But in the early ’70s, he agreed to help his father develop a national cartoon museum, which opened in 1974 in Stamford, Conn. After several moves, it closed in 2002 and its collection is now part of the Billy Ireland Cartoon Library and Museum at Ohio State University, but Walker has since curated dozens of cartoon exhibitions, taught cartoon history and written, edited or or contributed to three dozen books. During most of that time, he also has been breathing life into Hi and Lois.
“We work at it pretty hard to update it all the time, but not to change things so much that it throws people off who have been reading it a long time,” he said. “So the characters essentially stay the same but things like cell phones and computers and cars — the backgrounds and props and things, you have to change those.”
Now 63, he hopes he still has many more years of bringing smiles to readers’ faces. At the moment, there is not going to be a third generation of Hi and Lois cartoonists, at least not from his family. His daughter, Sarah, is a teacher at the Germantown Friends School in Philadelphia. (“Actually, I just got back from the bank. She got married in October and she’s buying a house tomorrow.”) Son David, 25, works as a videographer with John Hancock Insurance in Boston. (“Hopefully, he’s going to go off and make his own movies some day.”)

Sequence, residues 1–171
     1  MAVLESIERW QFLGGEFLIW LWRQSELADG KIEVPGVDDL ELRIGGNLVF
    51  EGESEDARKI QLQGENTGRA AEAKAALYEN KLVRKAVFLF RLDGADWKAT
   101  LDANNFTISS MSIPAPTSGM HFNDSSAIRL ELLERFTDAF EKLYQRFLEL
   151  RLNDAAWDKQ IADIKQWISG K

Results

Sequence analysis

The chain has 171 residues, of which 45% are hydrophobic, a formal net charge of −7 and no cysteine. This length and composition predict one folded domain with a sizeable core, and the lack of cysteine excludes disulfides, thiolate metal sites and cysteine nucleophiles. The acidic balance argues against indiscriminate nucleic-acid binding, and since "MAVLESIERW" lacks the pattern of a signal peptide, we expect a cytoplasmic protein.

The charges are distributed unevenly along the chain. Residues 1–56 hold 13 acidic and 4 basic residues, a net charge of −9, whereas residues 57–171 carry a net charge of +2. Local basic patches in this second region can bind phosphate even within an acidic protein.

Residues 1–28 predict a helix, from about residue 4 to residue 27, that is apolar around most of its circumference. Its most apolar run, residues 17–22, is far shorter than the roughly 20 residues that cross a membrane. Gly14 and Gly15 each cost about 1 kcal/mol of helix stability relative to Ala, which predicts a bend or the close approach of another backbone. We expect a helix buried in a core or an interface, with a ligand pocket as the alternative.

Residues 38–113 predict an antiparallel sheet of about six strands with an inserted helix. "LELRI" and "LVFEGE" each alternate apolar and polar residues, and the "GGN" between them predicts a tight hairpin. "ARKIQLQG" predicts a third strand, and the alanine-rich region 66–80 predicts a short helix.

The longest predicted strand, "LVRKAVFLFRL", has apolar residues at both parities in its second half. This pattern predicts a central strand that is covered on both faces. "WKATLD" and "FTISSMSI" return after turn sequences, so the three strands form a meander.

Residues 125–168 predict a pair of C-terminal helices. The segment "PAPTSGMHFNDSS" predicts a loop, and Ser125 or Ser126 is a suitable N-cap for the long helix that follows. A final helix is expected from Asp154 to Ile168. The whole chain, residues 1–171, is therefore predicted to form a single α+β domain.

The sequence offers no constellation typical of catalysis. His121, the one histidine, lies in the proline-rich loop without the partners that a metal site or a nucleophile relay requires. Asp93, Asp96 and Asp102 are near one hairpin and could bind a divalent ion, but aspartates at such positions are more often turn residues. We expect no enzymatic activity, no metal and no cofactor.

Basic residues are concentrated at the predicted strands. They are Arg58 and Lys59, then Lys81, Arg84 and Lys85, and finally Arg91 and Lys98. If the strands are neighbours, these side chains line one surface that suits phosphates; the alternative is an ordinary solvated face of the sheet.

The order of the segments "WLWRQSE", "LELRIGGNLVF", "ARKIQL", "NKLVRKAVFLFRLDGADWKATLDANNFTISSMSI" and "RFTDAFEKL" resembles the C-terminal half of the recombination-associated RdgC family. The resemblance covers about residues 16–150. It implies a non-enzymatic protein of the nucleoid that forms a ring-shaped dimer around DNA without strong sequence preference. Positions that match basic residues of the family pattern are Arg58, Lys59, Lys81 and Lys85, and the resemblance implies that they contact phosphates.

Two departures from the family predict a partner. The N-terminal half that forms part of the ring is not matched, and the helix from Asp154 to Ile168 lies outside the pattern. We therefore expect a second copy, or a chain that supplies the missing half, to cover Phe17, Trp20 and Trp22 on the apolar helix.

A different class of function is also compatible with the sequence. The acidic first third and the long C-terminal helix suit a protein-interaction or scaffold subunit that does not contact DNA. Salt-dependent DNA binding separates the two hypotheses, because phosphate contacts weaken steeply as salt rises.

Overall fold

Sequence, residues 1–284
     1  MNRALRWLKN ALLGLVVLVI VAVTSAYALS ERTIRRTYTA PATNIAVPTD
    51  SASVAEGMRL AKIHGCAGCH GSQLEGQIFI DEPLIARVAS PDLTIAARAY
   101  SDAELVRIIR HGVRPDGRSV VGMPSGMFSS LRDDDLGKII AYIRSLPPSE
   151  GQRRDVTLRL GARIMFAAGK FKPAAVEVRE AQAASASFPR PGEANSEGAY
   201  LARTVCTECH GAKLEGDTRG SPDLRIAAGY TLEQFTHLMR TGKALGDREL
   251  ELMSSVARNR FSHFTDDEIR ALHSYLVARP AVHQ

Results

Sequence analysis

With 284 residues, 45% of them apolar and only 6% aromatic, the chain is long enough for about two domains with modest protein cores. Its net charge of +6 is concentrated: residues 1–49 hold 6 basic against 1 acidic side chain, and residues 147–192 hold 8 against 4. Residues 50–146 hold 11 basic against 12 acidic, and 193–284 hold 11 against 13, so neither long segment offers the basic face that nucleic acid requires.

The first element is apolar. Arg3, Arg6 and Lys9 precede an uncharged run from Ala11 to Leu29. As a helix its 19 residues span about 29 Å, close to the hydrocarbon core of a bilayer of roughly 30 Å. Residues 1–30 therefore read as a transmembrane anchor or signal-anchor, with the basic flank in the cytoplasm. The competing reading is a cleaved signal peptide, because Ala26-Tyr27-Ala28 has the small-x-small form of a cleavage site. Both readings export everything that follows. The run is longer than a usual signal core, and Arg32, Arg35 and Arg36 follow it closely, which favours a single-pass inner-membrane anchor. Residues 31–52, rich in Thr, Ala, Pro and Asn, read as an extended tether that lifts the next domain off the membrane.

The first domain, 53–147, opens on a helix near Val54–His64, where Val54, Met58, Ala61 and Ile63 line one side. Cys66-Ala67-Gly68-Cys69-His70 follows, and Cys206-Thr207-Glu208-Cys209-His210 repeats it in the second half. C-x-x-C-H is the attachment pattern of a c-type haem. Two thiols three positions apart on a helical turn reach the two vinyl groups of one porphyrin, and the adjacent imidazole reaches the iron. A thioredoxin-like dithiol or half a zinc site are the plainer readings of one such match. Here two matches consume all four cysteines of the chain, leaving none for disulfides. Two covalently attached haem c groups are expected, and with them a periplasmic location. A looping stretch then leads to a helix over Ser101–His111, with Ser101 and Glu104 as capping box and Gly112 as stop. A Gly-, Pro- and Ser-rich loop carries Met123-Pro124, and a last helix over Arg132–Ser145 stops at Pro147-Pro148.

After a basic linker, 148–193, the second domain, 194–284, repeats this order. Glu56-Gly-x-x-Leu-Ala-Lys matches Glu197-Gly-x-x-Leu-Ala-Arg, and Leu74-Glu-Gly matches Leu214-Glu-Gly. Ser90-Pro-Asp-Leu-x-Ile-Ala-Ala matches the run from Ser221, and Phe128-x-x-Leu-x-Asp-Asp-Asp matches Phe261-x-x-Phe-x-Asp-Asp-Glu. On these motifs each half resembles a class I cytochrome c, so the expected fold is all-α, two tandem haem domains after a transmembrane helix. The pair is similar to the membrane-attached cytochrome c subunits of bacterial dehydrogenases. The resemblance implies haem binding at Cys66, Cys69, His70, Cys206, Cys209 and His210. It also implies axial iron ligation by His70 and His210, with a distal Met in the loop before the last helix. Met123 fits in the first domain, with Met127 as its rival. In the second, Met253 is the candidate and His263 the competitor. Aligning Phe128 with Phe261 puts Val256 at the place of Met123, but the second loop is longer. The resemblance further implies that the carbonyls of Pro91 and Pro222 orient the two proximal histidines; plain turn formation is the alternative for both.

“So there are two nice things about the cartooning business,” he said. “One is you get to work at home or close to home. So you get to be there when your kids are growing up and you know what’s going on it their lives and stuff. That was true growing up with my father, and it was true for my kids with me.
“And, like I say, my father is still working at 91, so I’ve got maybe another 30 years to go. Who knows?”
What college did the cartoon character Beetle Bailey attend?
Answer to Saturday’s trivia: In 1787, the Congress of the Confederation authorized the minting of the first U.S. copper penny. It became known as the Fugio cent because the obverse side featured a sun looking down on a sundial with the word Fugio, which is Latin for “I flee/fly,” likely a reference to time. Reportedly designed by Benjamin Franklin, it also reminds people to “Mind Your Business.”
Send your questions to Roger Schlueter, Belleville News-Democrat, 120 S. Illinois St., P.O. Box 427, Belleville, IL 62222-0427, firstname.lastname@example.org or call 618-239-2465.